Sensible B.C. Claims Transit Cops Are Pushing Marijuana Campaigners Out Of SkyTrain Stations

CANADA: SENSIBLE B.C.’S TOP spokesperson has accused TransLink and Transit Police of “harassing” canvassers collecting signatures for a petition to decriminalize marijuana in British Columbia.

In an email to the Straight, Dana Larson detailed three instances when Sensible B.C. canvassers were removed from TransLink property.

According to Larsen, on September 25, Bruce Meyers was canvassing at the Surrey Central SkyTrain station when Transit Police ordered him to leave the area. The same day, Transit Police told Corey Matsumoto he had to stop collecting signatures at a SkyTrain station in Richmond. And in Burnaby, Sam Belleau was asked by Transit Police to cease campaign activities at another SkyTrain and to leave that property.

In a telephone interview, Kirk Tousaw, legal counsel to Sensible B.C., told the Straight that this morning (September 27) he sent a letter to TransLink CEO Ian Jarvis requesting that all TransLink and Transit Police employees be instructed not to interfere with Sensible B.C. campaign activities.

“TransLink is bound by the Canadian Charter of Rights and Freedoms,” Tousaw said. “That means that they’ve got to allow political speech, both around their property and on their property.”

In 2001, a B.C. Supreme Court judge ruled that TransLink had infringed on the rights of Ron Churchill when two transit constables stopped him from distributing political pamphlets at a SkyTrain station. More recently, in 2009, the Supreme Court of Canada ruledthat TransLink and B.C. Transit had to allow political ads of the Canadian Federation of Students and the B.C. Teachers’ Federation.

Tousaw said that political speech must be allowed to occur in public spaces, and that that includes transit stations.

“I think that you are allowed to approach people and engage in political speech,” he continued, “and unless you are impeding the use of the facility for public transportation—which are people are certainly not doing—they should be allowed to do it.”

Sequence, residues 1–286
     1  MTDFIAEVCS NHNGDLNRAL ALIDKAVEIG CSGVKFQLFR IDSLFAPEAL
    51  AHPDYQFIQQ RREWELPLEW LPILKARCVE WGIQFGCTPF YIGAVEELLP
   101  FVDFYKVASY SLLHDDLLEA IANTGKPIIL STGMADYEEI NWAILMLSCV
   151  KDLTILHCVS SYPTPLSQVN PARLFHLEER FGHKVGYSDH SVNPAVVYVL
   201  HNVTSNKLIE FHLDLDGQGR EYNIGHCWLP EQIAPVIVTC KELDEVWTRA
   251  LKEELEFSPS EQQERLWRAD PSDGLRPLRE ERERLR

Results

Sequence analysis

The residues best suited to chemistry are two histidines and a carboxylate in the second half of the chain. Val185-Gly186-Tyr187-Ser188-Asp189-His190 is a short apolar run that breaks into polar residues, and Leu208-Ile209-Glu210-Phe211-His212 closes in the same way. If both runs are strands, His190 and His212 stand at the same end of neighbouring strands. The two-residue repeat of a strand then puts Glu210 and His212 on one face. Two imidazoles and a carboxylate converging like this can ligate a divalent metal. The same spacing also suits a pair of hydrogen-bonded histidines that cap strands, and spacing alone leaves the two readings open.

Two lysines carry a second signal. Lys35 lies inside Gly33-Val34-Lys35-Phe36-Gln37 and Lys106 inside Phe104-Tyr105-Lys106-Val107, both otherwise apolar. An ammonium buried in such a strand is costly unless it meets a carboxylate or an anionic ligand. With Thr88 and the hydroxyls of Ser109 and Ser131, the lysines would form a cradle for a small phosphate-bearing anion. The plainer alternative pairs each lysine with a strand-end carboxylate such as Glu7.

On September 9, Sensible B.C. began a 90-day drive to collect the signatures of 10 percent of registered voters in each of the province’s 85 constituencies. If it does that, a bill amending the police act to provide for the decriminalization of marijuana could go to an initiative vote.

Derek Zabel, a spokesperson for TransLink, quickly agreed that as long as campaigners are not blocking the movement of passengers or access to ticket machines, Sensible B.C. can collect petition signatures on TransLink properties.

“This is a nonprofit group so in this case…they are allowed to be on the system,” he said.

Zabel referred questions about the specific incidents described by Sensible B.C. to Transit Police spokesperson Anne Drennan.

In a telephone interview, Dennan denied that Transit Police had issued any directive to staff instructing them to remove Sensible B.C. campaigners from TransLink properties.

She conceded that there were at least two recent incidents in which Transit Police officers requested that Sensible B.C. campaigners leave TransLink property. But she emphasized that those situations only occurred because of a lack of communication regarding how staff should deal with structures used by Sensible B.C. such as tables.

“Our position is that we won’t block the Sensible B.C. people in any way from petitioning or obtaining signatures,” Dennan said.

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